Member of AEJ-Bulgaria is among the winners of Balkan Fellowship for Journalistic Excellence
|April 2, 2012||Filled under From AEJ-Bulgaria||
Dimiter Kenarov, Bulgaria, member of AEJ-BULGARIA, is among the top ten journalists selected for the 2012 Balkan Fellowship for Journalistic Excellence.
Robert Bosch Stiftung and the ERSTE Foundation, in cooperation with the Balkan Investigative Reporting Network, BIRN, have initiated the Balkan Fellowship for Journalistic Excellence programme in 2007 in order to encourage regional networking among journalists and advance balanced coverage on topics that are central to the region as well as to the European Union. Each year, ten Balkan journalists are competitively chosen to receive funding and professional support to conduct their own research project.
Fellowship reports are disseminated widely in all local languages as well as in English and German, and published in a book which assembles the ten works that have been produced in the course of the fellowship year.
Dimiter Kenarov is a freelance journalist and contributing editor at The Virginia Quarterly Review. His work has appeared in The International Herald Tribune, Boston Review, Esquire, The Nation, Outside, Columbia Journalism Review, The Pulitzer Center on Crisis Reporting, and others. He holds a bachelor’s degree in American and Russian literature from Middlebury College and a master’s in English from the University of California, Berkeley.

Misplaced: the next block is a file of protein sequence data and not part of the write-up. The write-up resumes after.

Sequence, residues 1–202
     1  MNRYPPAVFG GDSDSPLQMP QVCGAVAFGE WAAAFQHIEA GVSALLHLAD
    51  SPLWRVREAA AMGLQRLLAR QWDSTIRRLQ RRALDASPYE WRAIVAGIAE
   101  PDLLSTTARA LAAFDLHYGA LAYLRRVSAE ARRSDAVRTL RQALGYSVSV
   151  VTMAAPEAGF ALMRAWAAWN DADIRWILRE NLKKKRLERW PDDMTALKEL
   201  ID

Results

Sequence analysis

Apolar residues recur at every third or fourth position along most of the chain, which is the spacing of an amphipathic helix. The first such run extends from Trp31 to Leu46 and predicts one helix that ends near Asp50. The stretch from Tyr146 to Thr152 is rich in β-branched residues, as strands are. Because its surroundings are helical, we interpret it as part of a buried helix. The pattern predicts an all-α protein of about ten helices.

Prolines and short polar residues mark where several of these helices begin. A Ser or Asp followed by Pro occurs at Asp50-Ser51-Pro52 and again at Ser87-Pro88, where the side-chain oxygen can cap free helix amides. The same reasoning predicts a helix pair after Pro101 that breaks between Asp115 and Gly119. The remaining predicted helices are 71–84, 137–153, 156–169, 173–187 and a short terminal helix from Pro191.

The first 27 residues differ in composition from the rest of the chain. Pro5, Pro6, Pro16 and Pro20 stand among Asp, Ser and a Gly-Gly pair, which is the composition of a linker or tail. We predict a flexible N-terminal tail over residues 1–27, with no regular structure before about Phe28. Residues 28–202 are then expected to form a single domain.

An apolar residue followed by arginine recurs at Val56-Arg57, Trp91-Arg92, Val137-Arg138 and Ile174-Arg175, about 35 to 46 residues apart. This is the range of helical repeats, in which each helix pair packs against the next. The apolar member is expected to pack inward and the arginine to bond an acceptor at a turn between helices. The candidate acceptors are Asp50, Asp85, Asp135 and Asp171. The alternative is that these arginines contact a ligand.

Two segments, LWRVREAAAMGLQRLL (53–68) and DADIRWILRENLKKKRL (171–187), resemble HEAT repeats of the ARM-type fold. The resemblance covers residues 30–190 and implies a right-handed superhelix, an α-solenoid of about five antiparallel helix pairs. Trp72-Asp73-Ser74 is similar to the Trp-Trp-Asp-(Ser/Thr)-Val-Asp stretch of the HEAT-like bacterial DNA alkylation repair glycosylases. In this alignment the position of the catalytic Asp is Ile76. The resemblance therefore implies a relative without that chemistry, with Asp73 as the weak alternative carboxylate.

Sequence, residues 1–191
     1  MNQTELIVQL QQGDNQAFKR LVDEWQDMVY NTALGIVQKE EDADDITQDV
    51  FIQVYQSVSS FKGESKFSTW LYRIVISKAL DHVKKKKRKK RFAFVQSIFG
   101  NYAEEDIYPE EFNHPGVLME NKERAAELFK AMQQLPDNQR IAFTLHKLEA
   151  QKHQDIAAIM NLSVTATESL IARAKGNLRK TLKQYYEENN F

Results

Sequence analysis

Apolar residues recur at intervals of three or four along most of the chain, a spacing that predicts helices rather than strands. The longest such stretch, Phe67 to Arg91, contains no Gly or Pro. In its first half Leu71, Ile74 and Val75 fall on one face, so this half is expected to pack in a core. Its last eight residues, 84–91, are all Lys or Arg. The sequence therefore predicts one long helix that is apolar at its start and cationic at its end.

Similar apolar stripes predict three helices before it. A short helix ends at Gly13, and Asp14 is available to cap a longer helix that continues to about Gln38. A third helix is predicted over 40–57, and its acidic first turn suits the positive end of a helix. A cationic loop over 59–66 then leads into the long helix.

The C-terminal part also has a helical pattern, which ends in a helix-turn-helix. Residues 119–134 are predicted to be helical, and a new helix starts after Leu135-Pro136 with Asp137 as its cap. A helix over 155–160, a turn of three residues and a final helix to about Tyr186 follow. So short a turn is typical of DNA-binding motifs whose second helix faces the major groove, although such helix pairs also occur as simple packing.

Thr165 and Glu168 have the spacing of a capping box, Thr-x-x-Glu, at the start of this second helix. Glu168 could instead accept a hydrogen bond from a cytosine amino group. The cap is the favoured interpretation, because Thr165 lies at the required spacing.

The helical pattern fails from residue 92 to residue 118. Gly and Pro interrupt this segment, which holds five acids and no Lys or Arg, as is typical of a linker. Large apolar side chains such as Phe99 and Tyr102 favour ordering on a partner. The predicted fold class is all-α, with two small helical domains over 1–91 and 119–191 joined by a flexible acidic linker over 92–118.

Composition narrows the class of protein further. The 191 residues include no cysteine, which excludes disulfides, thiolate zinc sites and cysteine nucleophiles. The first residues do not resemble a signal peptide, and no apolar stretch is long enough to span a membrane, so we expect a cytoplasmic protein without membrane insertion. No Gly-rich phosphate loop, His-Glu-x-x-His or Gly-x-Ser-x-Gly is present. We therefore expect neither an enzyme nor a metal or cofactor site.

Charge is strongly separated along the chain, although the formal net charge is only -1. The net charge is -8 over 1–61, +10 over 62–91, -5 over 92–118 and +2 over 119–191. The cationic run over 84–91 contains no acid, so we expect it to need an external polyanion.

One of the latest report of Dimiter Kenarov is about the situation with media freedom in Belarus : “Tongue Oppressor. How Lukashenko’s Belarus muzzles the press”. The story is published in Columbia Journalism Review.
“Last summer I traveled to Belarus on assignment for The Virginia Quarterly Review. It was the most bizarre reporting trip I had ever made. Following a series of misadventures, during which my passport mysteriously went missing, I was apprehended by operatives from the KGB—as the security services are still called in that part of the world—and after a grueling interrogation, locked up in solitary confinement. Publicly, the reason behind my detention was simple enough: verification of identity. That could have happened in the United States, or about anywhere else. During a routine immigration check, a tourist fails to provide a valid document and is detained until replacements are issued. On the record, I was just unlucky. On the record, the Republic of Belarus is a democratic state in Eastern Europe, where people are arrested only on strictly legal grounds.”
You can read the full text of the article on http://www.cjr.org/feature/tongue_oppressor.php